In 2013, her article "Bloomsburg's Best Community Asset" (Bloomsburg Theatre Ensemble), was picked as "Best of 1996" when readers picked their annual favorites from Susquehanna Life Magazine's first 20 years. The article, republished in a special edition of Susquehanna Life Magazine (Winter 2013/2014), was received online recognition.
In 2014 Andi scored two second-place wins in Wyoming Writers, Inc.'s annual writing contest for entries in Adult Fiction ("Marlee," historical fiction) and Children's Fiction ("The Big Pig Jig," a rhymed picture book manuscript).
Andi writes some poetry, more adult fiction, and an occasional newspaper or magazine article -- creative nonfiction is her style preference. Here are tidbits by A. M. Hummel.
A favorite poem:
The Black and White of It . . .
Seven of them,
and their mother!
Path blocked, do I
retreat or stay?
do they learn "hunt,"
or simply play?
In black and white,
my question is:
how old are skunks
before they spray?
("The Black and White of It" was published in Susquehanna Life Magazine)
A fiction piece now underway:
Nasty Little Things
This time it had started with a case of homesick that wouldn’t be stirred down.
Then, ten days ago, her seventy-five acres along Brush Creek burned—that fire taking with it, before it was done, two loafing sheds, the reticulating tractor (damn near new), Simon’s round baler, and half the hay Anastasia Jefferson Taylor had managed to harvest, with the help of a couple of true friends, through the past too-dry summer.
And Jack Everson's fuel truck. He’d left it along the barrow pit just off the state highway that separated their properties—A. J.’s two hundred and four point three acres and the more “respectable” spread Jack and his wife Lin owned. One of its big tires had developed a threatening bubble so he'd left the truck sitting and walked home, planning to bring a new tire down when he had the time.
The explosion had been horrendous. It awakened A. J. from a pleasant-enough dream about fresh oysters and Apalachicola Bay breezes, the gentle wafting of late-night and early-morning smoke having had not quite enough impact on her dreams to do that job. What she’d smelled in those dreams, rather than danger, was a tiny, long-ago fire for which she and Simon had gathered scrub magnolia branches to burn so they could roast their hot dogs and marshmallows and warm their still swimsuit-clad, shivering bodies. Then the flames reached that truck. . . .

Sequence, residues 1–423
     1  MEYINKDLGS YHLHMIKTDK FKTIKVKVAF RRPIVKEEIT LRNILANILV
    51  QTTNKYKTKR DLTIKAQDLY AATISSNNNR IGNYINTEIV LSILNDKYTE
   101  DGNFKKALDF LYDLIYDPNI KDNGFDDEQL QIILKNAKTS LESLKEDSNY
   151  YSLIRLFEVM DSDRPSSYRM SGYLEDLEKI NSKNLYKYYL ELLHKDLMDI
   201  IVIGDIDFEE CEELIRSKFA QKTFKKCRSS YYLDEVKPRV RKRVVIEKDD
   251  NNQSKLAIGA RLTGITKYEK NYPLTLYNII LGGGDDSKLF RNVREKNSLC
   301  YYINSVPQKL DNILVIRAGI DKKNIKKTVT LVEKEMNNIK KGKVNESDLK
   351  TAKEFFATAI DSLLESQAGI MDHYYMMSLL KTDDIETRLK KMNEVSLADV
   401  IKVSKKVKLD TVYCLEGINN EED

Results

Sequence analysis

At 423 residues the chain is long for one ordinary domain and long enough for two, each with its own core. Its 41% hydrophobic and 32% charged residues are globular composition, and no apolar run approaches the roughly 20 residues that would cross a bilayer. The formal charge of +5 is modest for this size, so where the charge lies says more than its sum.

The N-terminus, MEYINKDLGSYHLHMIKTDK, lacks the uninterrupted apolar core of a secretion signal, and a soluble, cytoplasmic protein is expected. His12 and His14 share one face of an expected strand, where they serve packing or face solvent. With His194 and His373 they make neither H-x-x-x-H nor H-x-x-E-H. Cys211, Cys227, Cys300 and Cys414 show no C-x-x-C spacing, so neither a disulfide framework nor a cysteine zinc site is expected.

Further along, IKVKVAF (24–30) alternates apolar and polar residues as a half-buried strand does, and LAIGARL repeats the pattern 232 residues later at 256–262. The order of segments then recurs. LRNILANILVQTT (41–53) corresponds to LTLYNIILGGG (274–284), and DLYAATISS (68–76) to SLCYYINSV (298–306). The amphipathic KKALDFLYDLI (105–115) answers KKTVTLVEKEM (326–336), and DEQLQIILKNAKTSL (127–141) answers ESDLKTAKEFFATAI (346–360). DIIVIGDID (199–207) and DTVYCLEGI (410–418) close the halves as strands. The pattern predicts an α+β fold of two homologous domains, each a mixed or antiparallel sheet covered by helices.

Well, some things do over-ride sleep and pleasant memories.
The evening before had been filled with exhausting, angry hours after a head-on argument with Albert Breston, her neighbor to the north. Not the first words between them over the past three years. A. J. wasn’t one to cry, but she did throw things, and she did talk to herself and she did, more and more often of late, step out her back door to scream unpleasantries and obscenities at the self-gratifying bastard who lived so far into his one-hundred-and-seventy-nine-thousand-acres-and-still-growing retreat that he wouldn’t hear what she was screaming anyway.
Couldn’t hear a shotgun blast from her place to his, but A. J. was betting he’d heard—even felt—the fuel truck when it exploded. And he’d damn sure hear her the next time she spoke with him. He’d hear her loud and clear.
And a very rough draft (creative nonfiction) in the works:
A Schoolhouse Every Six Miles
Perhaps you hear the sound of laughter on the Wyoming wind, or the creak of swings in a play yard grown high with western wheatgrass, rough rattlesnake root, prairie coneflower, and curlycup gumweed. Careful where you step—the spikes of Plains prickly pear and other rogues of genus cacti/Cactacaea (recipe side-barred?) wait, ready to pierce even a sturdy leather shoe.
Have you caught a glimpse of a chubby face peeking through a dusty, broken windowpane or felt curious eyes watching as you kick up grasshoppers and Mormon crickets on a dry summer afternoon's excursion? Or maybe there's that hint of wood smoke on the chill of a late fall morning's visit to one of these ghosts of Crook County's past. The schoolmarm has stoked her fire, her students are ready for another day of classes. . . .
Crook County, Wyoming, split apart from Laramie County in 1875 by the Fourth Legislative Assembly of the Territory of Wyoming, was already dotted with small settlements when President Benjamin Harrison signed the bill on July 10, 1890 granting Wyoming statehood. Once the sixth largest county, Crook has been pared to its present size, 2,865 square miles (a little larger than the state of Delaware), and in 2016 boasts a population of
slightly more than 7,000 people